Twenty-sixth Sunday in Ordinary Time Lectionary Reflection September 27, 2020

September 27, 2020: Twenty-sixth Sunday in Ordinary Time

Catholic Social Teaching: Common good

The social nature of human beings is not uniform but is expressed in many different ways. In fact, the common good depends on a healthy social pluralism. The different components of society are called to build a unified and harmonious whole, within which it is possible for each element to preserve and develop its own characteristics and autonomy. Some components — such as the family, the civil community and the religious community — respond more immediately to the intimate nature of man, while others come about more on a voluntary basis. “To promote the participation of the greatest number in the life of a society, the creation of voluntary associations and institutions must be encouraged ‘on both national and international levels, which relate to economic and social goals, to cultural and recreational activities, to sport, to various professions, and to political affairs’. This ‘socialization’ also expresses the natural tendency for the sake of attaining objectives that exceed individual capacities. It develops the qualities of the person, especially the sense of initiative and responsibility, and helps guarantee his rights”.  (151) Compendium of the Social Doctrine of the Church


First Reading: Ezekiel 18:25-28

Psalm: 25:4-5, 6-7, 8-9

Second Reading: Philippians 2:1-11

Gospel Acclamation: John 10:27

Gospel:Matthew 21:28-32

Catechism of the Catholic Church

Before we make our own this first exclamation of the Lord’s Prayer, we must humbly cleanse our hearts of certain false images drawn “from this world.” Humility makes us recognize that “no one knows the Son except the Father, and no one knows the Father except the Son and anyone to whom the Son chooses to reveal him,” that is, “to little children.” The purification of our hearts has to do with paternal or maternal images, stemming from our personal and cultural history, and influencing our relationship with God.  God our Father transcends the categories of the created world. To impose our own ideas in this area “upon him” would be to fabricate idols to adore or pull down. To pray to the Father is to enter into his mystery as he is and as the Son has revealed him to us.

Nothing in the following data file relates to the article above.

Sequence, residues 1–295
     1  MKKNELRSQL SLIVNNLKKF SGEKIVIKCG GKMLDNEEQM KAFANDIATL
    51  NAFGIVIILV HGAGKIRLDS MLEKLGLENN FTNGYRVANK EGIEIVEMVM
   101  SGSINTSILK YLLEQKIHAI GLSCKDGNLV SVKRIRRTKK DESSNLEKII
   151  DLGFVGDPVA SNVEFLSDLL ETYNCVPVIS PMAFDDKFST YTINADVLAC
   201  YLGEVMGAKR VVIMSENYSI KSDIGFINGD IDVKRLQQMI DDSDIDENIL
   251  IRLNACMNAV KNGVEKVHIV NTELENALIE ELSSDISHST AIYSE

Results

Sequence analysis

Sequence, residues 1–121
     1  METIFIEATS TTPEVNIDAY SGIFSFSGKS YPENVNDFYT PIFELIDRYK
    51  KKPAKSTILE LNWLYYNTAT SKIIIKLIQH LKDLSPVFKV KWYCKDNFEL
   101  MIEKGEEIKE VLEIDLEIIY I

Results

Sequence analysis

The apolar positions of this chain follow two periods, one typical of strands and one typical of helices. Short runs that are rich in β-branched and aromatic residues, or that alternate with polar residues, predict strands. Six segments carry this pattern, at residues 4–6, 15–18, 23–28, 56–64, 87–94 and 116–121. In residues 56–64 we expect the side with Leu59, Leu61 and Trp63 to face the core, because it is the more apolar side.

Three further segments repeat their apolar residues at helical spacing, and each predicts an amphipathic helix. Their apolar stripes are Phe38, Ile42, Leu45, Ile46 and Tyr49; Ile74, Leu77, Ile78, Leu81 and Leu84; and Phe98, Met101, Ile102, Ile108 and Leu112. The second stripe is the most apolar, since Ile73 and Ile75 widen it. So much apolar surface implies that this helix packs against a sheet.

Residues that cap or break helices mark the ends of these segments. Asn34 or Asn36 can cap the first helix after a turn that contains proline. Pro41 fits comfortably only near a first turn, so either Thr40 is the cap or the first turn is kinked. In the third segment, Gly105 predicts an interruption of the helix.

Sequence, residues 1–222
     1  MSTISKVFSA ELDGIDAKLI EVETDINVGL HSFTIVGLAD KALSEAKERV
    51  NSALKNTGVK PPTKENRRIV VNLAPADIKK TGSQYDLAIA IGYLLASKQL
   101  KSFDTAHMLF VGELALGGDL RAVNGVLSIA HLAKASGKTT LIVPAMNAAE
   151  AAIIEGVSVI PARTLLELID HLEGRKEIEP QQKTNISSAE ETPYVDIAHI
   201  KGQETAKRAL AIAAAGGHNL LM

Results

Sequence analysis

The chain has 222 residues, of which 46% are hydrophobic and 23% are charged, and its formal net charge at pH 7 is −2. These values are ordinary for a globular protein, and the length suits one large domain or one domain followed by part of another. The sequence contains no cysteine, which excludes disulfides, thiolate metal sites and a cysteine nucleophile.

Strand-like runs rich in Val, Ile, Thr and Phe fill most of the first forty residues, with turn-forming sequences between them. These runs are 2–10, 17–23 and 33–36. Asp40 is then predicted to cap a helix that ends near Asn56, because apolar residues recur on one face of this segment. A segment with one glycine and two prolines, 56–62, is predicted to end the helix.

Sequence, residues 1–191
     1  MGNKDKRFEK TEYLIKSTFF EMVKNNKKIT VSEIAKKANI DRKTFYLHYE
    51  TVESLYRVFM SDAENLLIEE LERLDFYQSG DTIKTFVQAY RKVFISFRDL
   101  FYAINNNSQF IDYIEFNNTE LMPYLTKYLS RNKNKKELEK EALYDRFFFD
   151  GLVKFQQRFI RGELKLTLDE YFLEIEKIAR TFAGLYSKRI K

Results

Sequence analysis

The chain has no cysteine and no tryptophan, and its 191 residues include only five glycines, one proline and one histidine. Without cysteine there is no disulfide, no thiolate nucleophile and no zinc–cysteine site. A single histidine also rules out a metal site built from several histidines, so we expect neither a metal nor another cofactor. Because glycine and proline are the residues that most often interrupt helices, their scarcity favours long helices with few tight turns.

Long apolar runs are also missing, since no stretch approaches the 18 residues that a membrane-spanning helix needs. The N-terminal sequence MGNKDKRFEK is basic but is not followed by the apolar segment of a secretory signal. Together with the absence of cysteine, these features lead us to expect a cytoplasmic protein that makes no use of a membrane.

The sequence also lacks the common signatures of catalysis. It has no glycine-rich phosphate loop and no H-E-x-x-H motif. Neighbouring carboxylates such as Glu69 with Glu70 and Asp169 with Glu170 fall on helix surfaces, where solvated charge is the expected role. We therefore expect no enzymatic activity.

The expression God the Father had never been revealed to anyone. When Moses himself asked God who he was, he heard another name. The Father’s name has been revealed to us in the Son, for the name “Son” implies the new name “Father.” (2279). From the Daily Roman Missal, Introduction to the Twenty-sixth Week in Ordinary Time, Cycle A

Compendium of the Social Doctrine of the Church:

Philippians 2:8

The unsurpassed apex of the perspective indicated here is the life of Jesus of Nazareth, the New Man, who is one with humanity even to the point of “death on a cross” (Phil 2:8). In him it is always possible to recognize the living sign of that measureless and transcendent love of God-with-us, who takes on the infirmities of his people, walks with them, saves them and makes them one.  In him and thanks to him, life in society too, despite all its contradictions and ambiguities, can be rediscovered as a place of life and hope, in that it is a sign of grace that is continuously offered to all and because it is an invitation to ever higher and more involved forms of sharing.

Jesus of Nazareth makes the connection between solidarity and charity shine brightly before all, illuminating the entire meaning of this connection: “In the light of faith, solidarity seeks to go beyond itself, to take on the specifically Christian dimensions of total gratuity, forgiveness and reconciliation. One’s neighbor is then not only a human being with his or her own rights and a fundamental equality with everyone else, but becomes the living image of God the Father, redeemed by the blood of Jesus Christ and placed under the permanent action of the Holy Spirit. One’s neighbor must therefore be loved, even if an enemy, with the same love with which the Lord loves him or her; and for that person’s sake one must be ready for sacrifice, even the ultimate one: to lay down one’s life for the brethren (cf. 1 Jn 3:16)”.  (196)

For complete text visit: